HRW calls for Germany to pressure Australia over the Manus Island refugee situation
German President Frank-Walter Steinmeier, who is on an official trip to Australia, should urge Australia's prime minister to "end the humanitarian crisis immediately" at Manus Island refugee camp, asylum seekers and human rights advocates said on Friday.
"Germany has a proud record of treating migrants humanely. President Steinmeier should ask (Malcolm) Turnbull to bring the men on Manus Island to safety," Elaine Pearson, Human Rights Watch's Australia director, said in a statement to journalists.
"Both countries are now UN Human Rights Council members, yet in this case, Australia is clearly not living up to what one would expect of a council member," she said.
The situation at the Manus Island refugee camp in Papua New Guinea has deteriorated since Australia shut down the centre on Tuesday.
Some 600 refugees have refused to move to temporary accommodation in the island's main town – some of which is not yet ready – due to fears of being attacked by locals.
Electricity and food supplies have been cut off, while men at the camp have been digging into the ground to find drinking water according to photos shared on social media.
Behrouz Boochani, an Iranian refugee at the Manus camp, said on Friday that he wants the German president to put pressure on the Australian government to reach a "humane solution."
"It is unacceptable that the Australian government is doing these kind of barbaric policies as a western country," Boochani told journalists. "Germany (has) already accepted more than a million refugees and as a big nation should lead the western countries to do their responsibility at this historical period... We are asking that Germany support in any way that they can," he said.
"To the honourable German government: we're merely refugees who unfortunately ended up in these merciless offshore detentions," Hass Hassballah, another refugee on Manus, told journalists. "We experienced torture for more than four years and are still undergoing it. Please, in the name of humanity, we ask you for emergency help."
Ezatullah Kakar, a Pakistani refugee on Manus, said he has been in detention for the last 1,700 days.
"Stop politics on human beings. Stop torturing me. Let me be free. I am a human being," he said.
The UN has called Manus "a humanitarian emergency unfolding," while Human Rights Watch said on Friday the men in the camp are weak and fatigued from lack of food and some have urgent medical needs.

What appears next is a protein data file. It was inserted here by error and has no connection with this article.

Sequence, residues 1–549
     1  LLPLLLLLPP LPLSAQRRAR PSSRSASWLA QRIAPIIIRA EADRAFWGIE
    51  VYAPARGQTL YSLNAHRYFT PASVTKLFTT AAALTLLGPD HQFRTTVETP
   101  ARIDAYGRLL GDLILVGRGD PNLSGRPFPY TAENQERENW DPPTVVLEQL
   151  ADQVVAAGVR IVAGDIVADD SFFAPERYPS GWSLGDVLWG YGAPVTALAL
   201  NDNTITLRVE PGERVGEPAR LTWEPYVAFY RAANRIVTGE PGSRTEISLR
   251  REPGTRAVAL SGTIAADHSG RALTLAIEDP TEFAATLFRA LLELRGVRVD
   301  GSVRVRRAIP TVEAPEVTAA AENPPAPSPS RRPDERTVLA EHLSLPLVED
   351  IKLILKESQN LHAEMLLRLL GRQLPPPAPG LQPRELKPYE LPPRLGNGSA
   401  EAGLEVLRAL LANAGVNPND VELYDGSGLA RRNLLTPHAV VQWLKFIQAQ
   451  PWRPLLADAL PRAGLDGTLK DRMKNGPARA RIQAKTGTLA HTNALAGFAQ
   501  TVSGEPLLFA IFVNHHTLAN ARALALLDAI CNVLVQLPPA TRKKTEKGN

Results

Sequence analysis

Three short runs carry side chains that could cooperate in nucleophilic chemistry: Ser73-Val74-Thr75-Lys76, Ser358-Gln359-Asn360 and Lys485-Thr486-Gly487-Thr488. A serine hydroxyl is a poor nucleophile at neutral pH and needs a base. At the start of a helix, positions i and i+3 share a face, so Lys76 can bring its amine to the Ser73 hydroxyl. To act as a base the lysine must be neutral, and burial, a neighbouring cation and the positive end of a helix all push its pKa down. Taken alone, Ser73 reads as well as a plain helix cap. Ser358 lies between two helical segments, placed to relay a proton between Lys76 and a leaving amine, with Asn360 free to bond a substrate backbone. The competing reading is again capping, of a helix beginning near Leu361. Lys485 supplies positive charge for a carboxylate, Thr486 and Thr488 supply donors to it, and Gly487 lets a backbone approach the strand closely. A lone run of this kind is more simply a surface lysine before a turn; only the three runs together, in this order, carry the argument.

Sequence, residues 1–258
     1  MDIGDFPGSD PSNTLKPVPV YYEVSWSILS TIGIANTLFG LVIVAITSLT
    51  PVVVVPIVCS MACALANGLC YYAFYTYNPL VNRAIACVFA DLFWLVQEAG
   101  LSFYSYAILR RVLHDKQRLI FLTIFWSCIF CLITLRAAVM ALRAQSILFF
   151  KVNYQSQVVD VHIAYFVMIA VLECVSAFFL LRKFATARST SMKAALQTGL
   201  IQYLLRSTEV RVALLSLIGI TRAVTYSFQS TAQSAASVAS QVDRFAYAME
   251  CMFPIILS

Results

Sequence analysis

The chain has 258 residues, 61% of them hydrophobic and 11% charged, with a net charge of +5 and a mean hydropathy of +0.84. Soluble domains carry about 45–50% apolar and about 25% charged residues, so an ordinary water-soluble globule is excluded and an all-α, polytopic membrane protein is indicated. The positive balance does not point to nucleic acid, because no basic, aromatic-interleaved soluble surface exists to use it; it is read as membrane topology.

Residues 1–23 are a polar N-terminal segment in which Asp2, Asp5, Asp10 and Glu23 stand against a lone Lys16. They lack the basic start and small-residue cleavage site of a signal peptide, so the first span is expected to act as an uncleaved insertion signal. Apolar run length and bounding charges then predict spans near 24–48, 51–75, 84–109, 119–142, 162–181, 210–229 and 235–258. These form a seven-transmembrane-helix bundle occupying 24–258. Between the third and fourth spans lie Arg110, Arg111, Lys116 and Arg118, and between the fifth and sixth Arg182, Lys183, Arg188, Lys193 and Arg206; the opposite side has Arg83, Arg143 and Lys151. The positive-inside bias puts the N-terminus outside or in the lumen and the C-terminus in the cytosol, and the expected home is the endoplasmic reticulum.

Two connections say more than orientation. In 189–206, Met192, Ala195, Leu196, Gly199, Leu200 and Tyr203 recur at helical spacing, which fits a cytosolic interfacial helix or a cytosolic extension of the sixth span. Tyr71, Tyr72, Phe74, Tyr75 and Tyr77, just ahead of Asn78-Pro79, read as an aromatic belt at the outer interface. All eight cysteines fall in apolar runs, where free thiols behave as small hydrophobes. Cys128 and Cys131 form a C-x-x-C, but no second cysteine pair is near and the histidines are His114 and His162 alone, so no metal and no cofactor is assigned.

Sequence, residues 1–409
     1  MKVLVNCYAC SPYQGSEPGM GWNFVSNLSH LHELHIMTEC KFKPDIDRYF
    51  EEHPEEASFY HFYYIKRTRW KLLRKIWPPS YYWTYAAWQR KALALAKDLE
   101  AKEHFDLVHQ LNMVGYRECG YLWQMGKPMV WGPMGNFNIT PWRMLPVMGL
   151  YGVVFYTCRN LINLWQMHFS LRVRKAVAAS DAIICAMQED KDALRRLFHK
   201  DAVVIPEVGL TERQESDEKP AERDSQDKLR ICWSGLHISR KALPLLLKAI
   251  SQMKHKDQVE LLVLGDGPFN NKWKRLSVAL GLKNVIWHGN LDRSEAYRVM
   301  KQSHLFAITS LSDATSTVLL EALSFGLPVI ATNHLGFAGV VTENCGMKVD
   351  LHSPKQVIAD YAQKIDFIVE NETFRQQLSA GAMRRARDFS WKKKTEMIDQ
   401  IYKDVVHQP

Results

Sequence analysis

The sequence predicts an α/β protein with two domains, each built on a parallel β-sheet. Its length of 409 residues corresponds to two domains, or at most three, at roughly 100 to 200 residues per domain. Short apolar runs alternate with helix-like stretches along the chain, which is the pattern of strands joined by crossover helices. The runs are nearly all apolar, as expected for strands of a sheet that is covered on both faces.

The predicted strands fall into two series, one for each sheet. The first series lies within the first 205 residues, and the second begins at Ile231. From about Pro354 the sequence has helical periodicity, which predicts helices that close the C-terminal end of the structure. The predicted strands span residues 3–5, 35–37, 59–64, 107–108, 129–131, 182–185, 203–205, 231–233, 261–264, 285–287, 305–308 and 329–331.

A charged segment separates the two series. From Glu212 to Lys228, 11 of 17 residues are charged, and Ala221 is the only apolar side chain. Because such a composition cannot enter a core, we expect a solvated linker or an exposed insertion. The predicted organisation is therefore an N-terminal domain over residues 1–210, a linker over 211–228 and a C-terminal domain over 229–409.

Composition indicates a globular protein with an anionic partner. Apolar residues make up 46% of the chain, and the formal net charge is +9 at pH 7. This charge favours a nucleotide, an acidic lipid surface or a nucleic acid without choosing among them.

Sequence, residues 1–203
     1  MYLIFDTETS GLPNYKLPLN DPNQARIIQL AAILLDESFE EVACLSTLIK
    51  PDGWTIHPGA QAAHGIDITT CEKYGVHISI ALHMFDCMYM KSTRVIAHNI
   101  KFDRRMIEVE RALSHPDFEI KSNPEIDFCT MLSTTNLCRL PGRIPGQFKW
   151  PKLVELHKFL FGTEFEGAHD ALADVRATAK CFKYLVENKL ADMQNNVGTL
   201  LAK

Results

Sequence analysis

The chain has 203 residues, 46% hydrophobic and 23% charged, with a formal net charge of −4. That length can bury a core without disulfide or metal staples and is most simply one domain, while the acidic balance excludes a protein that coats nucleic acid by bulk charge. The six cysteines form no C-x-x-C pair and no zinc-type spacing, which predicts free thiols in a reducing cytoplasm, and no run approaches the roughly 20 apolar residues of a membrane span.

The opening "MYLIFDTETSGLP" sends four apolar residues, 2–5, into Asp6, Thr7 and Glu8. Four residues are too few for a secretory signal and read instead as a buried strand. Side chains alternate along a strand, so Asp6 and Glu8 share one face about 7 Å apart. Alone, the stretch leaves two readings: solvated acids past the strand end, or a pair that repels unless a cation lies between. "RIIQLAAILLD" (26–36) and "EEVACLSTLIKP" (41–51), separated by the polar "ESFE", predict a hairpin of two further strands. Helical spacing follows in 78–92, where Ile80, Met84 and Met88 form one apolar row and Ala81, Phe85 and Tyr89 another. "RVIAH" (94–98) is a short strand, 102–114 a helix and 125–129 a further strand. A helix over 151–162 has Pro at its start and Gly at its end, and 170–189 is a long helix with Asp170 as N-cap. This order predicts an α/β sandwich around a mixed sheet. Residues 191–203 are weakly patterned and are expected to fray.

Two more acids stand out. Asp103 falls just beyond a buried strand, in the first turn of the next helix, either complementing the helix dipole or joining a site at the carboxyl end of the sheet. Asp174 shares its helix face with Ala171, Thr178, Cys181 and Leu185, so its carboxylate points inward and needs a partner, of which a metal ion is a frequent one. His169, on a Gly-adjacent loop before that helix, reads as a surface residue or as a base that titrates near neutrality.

"Refugees and asylum seekers are suffering on Manus because of Australia's intransigence. This sets a terrible example for the rest of the world," said Pearson, who is currently on Manus.
Also on Friday, students briefly occupied the building of the Department of Immigration and Border Protection in Sydney asking authorities to bring Manus refugees to Australia. Three protesters were arrested according to local media.
The Manus centre, together with another on the Pacific island of Nauru, was set up by the Australian government to hold asylum-seekers trying to enter the country by boat for offshore processing. The policy has attracted criticism from the UN and rights advocates.
New Zealand's Prime Minister Jacinda Ardern said on Thursday that she would raise the issue of refugees with Turnbull during her first visit to Australia on Sunday, reiterating an offer to accept up to 150 refugees from the centres.
In the past, Canberra has rejected New Zealand's offer over fears that it may open a back door to refugees to come to Australia.
"New Zealand has repeatedly offered Australia a face-saving way out of this mess, it's well overdue for the Australian government to accept that offer," Pearson said.
Australian opposition Labor Party leader Bill Shorten also urged the government to consider New Zealand's offer.
"If it's not a viable option, then Turnbull should explain why. Doing nothing is not an option," Shorten said on Friday. (dpa)
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